A rough week for EMI artist relations
- August 18, 2008 8:01 PM |
- By Arts Online
Illustration by Jillian Tamaki
Though Virgin/EMI's current cash cows Coldplay and Katy Perry are sitting comfortably in the top 10 on the Billboard charts, the hapless label -- which announced the imminent axing of 2000 employees at the beginning of this year -- is having a rough week.
Lily Allen and 30 Seconds To Mars, both acts signed to EMI, publicly lambasted the corporation on their official blogs. The outspoken Allen, whose career was built on a foundation of chatty online journal entries and kajillions of MySpace friends, snuck a rant about the shady industry dealings of her label -- she claims she's being given the runaround about her forthcoming album -- into a seemingly innocuous entry titled Olympics is Wicked:
Now , the album . it has been finished for a while now , I don't really know whats going on with it . The record industry is a very political place at the moment and I am on EMI records , lots of people have been fired or have taken redundancy recently as the company was taken over by a private equity firm called Terra Firma . Many of these people were people assigned to my projects and now i don't quite know whats going on . I'm sure everyone will find their feet soon enough and i'll be able to put the album out soon .
Then, earlier today, 30 Seconds To Mars Jared Leto -- aka the once and future Jordan Catalano, slacker object of countless 90s teen girls' obsessions -- tore EMI a new one on his band's blog. Apparently EMI claims 30 Seconds To Mars, who purportedly legally terminated their deal with the label back in July, are in breach of contract, and are suing the band for the staggering sum of $30, 000, 000. Leto's pissed.
So, as you may have heard we are being sued by our former record company for the ridiculously oversized, totally unrealistic and pretty silly (but slightly clever) sum of $30,000,000. Insane? Yea that's what we said too.
A little history...
We had been signed to our record contract for 9 years. Basically, under California law, where we live and signed our deal, one cannot be bound to a contract for more than 7 years. This is widely known by all the record companies and has been for years. In fact, so aware of it are they that they desperately try to make deals outside of California whenever possible. It is a law that protects people from lengthy, unfair, career-spanning contracts. This law also gave us the legal right to explore other possible opportunities.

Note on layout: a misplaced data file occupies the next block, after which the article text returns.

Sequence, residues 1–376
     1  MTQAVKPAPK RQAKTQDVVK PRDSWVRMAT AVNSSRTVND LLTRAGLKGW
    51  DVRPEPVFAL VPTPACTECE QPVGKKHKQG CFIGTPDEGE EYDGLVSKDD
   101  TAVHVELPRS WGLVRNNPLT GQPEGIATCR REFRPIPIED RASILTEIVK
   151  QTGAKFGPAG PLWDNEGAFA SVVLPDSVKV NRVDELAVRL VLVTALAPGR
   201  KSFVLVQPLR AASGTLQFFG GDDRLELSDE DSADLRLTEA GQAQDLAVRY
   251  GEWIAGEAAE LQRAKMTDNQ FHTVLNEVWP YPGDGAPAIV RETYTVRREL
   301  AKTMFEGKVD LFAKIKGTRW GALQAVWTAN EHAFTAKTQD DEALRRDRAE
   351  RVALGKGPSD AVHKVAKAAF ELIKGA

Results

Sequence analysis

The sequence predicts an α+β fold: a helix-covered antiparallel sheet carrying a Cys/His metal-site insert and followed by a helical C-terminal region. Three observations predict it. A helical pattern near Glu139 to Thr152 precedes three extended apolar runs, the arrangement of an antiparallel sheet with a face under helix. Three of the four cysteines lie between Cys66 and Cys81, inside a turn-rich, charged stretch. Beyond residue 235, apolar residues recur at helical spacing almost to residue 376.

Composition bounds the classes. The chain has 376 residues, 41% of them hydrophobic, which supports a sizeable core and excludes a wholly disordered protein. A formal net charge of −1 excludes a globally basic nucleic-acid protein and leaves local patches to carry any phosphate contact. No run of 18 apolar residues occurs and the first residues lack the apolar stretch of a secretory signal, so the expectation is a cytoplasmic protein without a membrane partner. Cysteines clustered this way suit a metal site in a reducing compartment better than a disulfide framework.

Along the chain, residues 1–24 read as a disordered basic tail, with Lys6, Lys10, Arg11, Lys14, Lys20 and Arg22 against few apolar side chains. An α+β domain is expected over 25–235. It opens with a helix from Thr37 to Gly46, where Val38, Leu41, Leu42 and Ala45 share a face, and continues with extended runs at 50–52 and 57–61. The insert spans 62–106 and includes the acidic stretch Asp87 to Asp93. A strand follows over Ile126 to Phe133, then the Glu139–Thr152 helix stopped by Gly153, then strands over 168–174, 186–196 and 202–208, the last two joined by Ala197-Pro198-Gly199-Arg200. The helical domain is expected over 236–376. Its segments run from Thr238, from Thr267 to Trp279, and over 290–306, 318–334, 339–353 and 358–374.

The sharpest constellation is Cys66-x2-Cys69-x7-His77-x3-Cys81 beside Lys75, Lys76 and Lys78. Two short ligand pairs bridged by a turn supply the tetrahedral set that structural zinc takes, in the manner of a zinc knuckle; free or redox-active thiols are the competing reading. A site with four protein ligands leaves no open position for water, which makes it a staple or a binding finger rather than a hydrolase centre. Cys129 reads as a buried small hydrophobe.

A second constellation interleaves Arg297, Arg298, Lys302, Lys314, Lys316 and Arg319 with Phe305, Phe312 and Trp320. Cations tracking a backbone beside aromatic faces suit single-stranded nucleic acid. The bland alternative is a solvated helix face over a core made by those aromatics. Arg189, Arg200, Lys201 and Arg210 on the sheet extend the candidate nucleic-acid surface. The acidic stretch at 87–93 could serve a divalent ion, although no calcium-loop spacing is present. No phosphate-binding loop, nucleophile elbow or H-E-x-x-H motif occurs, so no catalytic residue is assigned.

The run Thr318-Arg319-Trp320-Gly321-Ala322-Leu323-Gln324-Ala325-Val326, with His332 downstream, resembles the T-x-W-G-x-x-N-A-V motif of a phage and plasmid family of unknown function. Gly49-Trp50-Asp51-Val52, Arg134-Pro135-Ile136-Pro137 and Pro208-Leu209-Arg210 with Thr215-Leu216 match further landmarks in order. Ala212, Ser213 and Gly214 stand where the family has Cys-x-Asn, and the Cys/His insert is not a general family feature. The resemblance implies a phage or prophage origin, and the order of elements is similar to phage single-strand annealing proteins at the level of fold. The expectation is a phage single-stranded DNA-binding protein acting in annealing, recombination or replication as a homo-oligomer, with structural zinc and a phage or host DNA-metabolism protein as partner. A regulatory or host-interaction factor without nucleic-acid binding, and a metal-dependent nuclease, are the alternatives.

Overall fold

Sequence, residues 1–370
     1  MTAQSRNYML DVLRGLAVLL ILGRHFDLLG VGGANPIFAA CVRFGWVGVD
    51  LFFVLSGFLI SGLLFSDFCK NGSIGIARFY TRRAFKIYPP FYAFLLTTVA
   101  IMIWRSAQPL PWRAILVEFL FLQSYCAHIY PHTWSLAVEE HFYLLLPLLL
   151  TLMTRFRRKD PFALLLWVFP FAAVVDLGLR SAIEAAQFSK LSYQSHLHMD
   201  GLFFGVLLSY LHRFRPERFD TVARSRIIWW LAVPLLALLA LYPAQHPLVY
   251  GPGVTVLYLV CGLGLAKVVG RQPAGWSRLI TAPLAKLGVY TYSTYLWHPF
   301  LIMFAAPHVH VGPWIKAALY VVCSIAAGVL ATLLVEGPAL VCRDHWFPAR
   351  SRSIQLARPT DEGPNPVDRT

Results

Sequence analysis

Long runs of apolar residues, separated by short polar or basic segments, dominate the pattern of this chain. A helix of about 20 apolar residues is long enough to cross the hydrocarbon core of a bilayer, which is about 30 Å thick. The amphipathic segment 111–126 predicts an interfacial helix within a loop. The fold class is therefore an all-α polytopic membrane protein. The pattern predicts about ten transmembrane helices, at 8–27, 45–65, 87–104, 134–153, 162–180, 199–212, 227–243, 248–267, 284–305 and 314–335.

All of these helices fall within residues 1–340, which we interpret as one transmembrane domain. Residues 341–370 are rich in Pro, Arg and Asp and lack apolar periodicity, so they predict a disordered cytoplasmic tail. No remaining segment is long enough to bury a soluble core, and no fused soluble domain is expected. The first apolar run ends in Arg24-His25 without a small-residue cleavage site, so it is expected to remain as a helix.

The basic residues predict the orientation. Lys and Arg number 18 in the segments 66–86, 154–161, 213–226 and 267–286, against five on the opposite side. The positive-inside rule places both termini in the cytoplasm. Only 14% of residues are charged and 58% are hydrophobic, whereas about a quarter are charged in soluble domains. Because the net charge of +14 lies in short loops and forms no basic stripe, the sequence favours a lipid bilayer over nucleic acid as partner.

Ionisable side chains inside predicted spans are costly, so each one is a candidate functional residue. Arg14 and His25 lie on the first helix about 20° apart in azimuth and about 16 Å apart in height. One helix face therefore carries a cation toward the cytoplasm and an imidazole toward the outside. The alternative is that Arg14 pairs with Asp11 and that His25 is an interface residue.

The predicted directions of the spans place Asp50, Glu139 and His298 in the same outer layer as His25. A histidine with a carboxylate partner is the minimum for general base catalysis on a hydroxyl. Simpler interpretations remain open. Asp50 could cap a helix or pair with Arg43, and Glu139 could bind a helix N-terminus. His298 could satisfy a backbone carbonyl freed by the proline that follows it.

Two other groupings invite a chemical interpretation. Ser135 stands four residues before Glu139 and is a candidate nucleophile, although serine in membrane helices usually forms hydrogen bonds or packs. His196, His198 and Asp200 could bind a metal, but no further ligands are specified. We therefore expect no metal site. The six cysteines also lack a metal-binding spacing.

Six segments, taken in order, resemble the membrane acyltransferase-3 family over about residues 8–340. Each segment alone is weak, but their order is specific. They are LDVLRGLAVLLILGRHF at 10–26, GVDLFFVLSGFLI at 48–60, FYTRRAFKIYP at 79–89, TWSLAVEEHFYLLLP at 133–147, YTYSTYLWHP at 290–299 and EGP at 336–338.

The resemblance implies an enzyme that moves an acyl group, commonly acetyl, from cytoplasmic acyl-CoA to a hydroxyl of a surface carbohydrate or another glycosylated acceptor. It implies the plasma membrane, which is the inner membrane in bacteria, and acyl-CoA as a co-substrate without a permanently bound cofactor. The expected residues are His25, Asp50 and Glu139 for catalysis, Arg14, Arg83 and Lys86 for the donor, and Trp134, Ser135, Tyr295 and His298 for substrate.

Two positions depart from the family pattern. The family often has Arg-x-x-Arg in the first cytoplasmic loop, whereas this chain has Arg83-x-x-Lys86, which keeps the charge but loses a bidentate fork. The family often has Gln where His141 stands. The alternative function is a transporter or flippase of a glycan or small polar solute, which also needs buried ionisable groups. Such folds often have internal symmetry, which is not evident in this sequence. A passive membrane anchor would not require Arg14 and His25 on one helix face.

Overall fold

Yes we have been sued by EMI. But NOT for failing to deliver music or for 'quitting'. We have been sued by the corporation quite simply because roughly 45 days ago we exercised our legal right to terminate our old, out of date contract, which, according to the law is null and void.
We terminated for a number of reasons, which we won't go into here (we'd rather not air any dirty laundry) but basically our representatives could not get EMI to agree to make a fair and reasonable deal.
A few things to note...
If you think the fact that we have sold in excess of 2 million records and have never been paid a penny is pretty unbelievable, well, so do we. And the fact that EMI informed us that not only aren't they going to pay us AT ALL but that we are still 1.4 million dollars in debt to them is even crazier. That the next record we make will be used to pay off that old supposed debt just makes you start wondering what is going on. Shouldn't a record company be able to turn a profit from selling that many records? Or, at the very least, break even? We think so.
That, and other issues, like the new regime at EMI firing most of the people we know and love, wanting to place advertisements on our website, EMI owning 100 percent of the masters of our record...forever, and basically having a revolving door of regimes at the company made it easy to not want to continue as is.
As the result of this takeover - and the firing of over 2000 employees - we have lost many of the people that were near and dear to us at Virgin/EMI and crucial to the success of 30 Seconds to Mars. A few of the great ones are still there, but it is hardly the same company we have known. After more than 5 regime changes in 9 years you'd think we would be used to the inconsistency, but the team that took the journey together for A Beautiful Lie was a very very special group of people and it's a huge loss that so many of them are gone. (Quick fact: There is not a single employee at Virgin Records who was working at the company when we signed.)
FYI Virgin/EMI was not required to make this lawsuit public or to list such an egregiously and stupendously large amount of mullah. In fact, they were not required to set any price even close to this. We did not want to take this public, but we felt it best to explain our point of view to you, our
friends and fans, in hope that you can better understand our point of view.
We would always do our best to avoid a fight, but sometimes it's important to stand up for what you believe in. We hope that by doing what's right we can help to change things for the better, for ourselves and possibly others.
P.S. We will always remain grateful to the people at Virgin/EMI who were so integral to our success. And we hope that, above all, we can find a resolution to this in as civil and kind a way as possible.
There are certainly more important things out there in the world to spend time and energy on.
To be continued...
30 Seconds to Mars
Question is, will EMI pay any attention? Would they listen up if, say, Chris Martin and Katy Perry teamed up to write a song about the plight of Lily Allen and 30 Seconds To Mars?
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